I topped off this week with a visit to the ‘Siting Julia’ exhibit at the Schlesinger Library at the Radcliffe Institute for Advanced Study at Harvard. Man, I sound seriously intelligent by proxy. I should probably keep thoughts like that to myself, though.
You see, I’ve been struggling a little bit lately in this grad school world of constant transition and unknown futures. Being totally open to what comes your way is so valuable, and so incredibly tough for a type A perfectionist with a love of control. (Ehem.)
So I thought that turning to Julia for inspiration might be a good idea. The exhibit highlights original pictures, papers, and other items from the library’s Julia Child Papers collection, tracing Julia’s path through her time in Paris, her life in Cambridge, and her experiences on national television. Julia would have turned 100 years old this August, if our world were still graced by her presence, so many people are finding special ways to honor her and her influence on American cooking and American culture at large.
“I was 32 when I started cooking. Up until then, I just ate,” Julia once said. She wanted to bring her love of French food and cooking to Americans. Through her seminal cookbook Mastering the Art of French Cooking, and then with her television show The French Chef, Julia changed the face of gastronomy and cooking in America – she made good food, cooked well, accessible to Americans in a way it never had been before.
I actually have Julia to thank, in part, for where I find myself these days – she and Jacques Pépin started the Masters program I’m currently in. Again, awesome by proxy. Turns out Julia was just the inspiration I needed this week. In a letter from Julia to her husband Paul, seven months before they married, she wrote, “I am gradually coming out of my cocoon and looking at life as it is meant to be lived… I want a job in which I will grow, meet many people and many situations.” This was exactly what I needed to hear. A reminder that spending time and money learning about things you find interesting and doing things you love isn’t fluff. Isn’t a waste. It is, in fact, important. It’s what creates lives of influence like that of Julia Child.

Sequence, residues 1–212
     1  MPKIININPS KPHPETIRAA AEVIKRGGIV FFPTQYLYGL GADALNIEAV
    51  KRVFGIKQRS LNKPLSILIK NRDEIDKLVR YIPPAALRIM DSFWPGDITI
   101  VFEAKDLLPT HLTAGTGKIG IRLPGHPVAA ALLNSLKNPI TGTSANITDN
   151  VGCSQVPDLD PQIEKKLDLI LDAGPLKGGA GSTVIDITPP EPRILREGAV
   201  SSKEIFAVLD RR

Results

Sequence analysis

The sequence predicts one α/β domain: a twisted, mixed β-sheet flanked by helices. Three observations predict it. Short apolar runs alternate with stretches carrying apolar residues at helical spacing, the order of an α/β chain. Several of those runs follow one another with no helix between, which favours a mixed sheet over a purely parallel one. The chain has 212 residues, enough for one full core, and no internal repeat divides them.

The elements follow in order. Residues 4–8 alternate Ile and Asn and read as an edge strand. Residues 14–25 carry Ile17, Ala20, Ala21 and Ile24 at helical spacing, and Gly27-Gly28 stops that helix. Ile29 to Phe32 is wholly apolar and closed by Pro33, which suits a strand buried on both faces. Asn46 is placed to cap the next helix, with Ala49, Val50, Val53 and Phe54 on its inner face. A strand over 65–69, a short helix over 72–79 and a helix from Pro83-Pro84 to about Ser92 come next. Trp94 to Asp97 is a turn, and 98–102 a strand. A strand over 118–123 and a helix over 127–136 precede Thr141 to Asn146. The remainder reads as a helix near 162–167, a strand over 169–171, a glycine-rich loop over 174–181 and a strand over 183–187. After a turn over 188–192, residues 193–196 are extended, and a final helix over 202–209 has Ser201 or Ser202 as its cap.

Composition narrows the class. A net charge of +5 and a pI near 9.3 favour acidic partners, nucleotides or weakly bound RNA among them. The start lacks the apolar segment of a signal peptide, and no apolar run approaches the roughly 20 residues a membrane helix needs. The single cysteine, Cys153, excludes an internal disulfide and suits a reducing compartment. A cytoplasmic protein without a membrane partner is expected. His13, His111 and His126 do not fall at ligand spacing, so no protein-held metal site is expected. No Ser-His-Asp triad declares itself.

Today I was reminded that my time spent sitting in class, having a conversation over a glass of wine, reading an interesting article in Gastronomica, writing a post for this blog, or just being in my kitchen does actually matter. I may not know how just yet, and I may not know where this season of my life focused on food is leading me, but today Julia reminded me that’s okay.
So, on that note, I want to share with you something from some of my recent time spent in the kitchen. My new kitchen, in fact! This is the first thing I’ve baked since I moved, and not only is the company in my new apartment much better than in my last, but the oven is too. Thank goodness for both.
It’s quickly turned to fall here in New England (love!) and just as quickly my mind has turned to fall-inspired foods. This pumpkin bread is moist and crumbly, accented by bits of toasty walnuts and scents of clove, nutmeg, and cinnamon. When this is baking in your oven you’re going to think it’s Thanksgiving, and then you’ll be grateful to realize that in fact you have two more months of magical fall weather to enjoy before Thanksgiving actually arrives. I promise.
Pumpkin Walnut Bread
Very slightly adapted from Joy the Baker
Yield: 2 loaves
Quick note: This bread is delicious but crumbly! There’s no great way to slice the loaves without getting crumbs. One trick to try is to cut the loaf with a dull knife while still in the pan so that the loaf doesn’t separate too much while cutting.
2 cups all-purpose flour
1 1/2 cups whole wheat flour
2 cups brown sugar, packed
1/3 cup granulated sugar
2 teaspoons baking soda
1 teaspoon baking powder
1 teaspoon salt
1 teaspoon ground nutmeg
1 teaspoon ground cinnamon
1 teaspoon allspice
1/2 teaspoon ground cloves
1 15-ounce can pumpkin puree (not pumpkin pie filling!)
1 cup canola or vegetable oil
1/3 cup maple syrup
1/3 cup water
1 cup chopped walnuts
1. Preheat oven to 350° F. Place a rack in the center of the oven. Grease two loaf pans and set aside.
2. In a large bowl, whisk together flours, sugars, baking soda, baking powder, salt, and spices.
3. In a medium bowl, whisk together pumpkin puree, oil, maple syrup, and water.
4. Add the wet ingredients to the dry ingredients and use a spatula to fold all of the ingredients together. Make sure to scrape the bottom of the bowl well.
5. Fold in most of the chopped walnuts, reserving some to sprinkle on top of the batter once in the pans.
6. Divide the batter between the two greased pans and sprinkle with a few walnut pieces.
7. Bake for 1 hour to 1 hour and 15 minutes, or until a skewer inserted in the center comes out clean. Remove from the oven. Let the loaves rest in the pans for 20 minutes, then turn them out onto a cooling rack.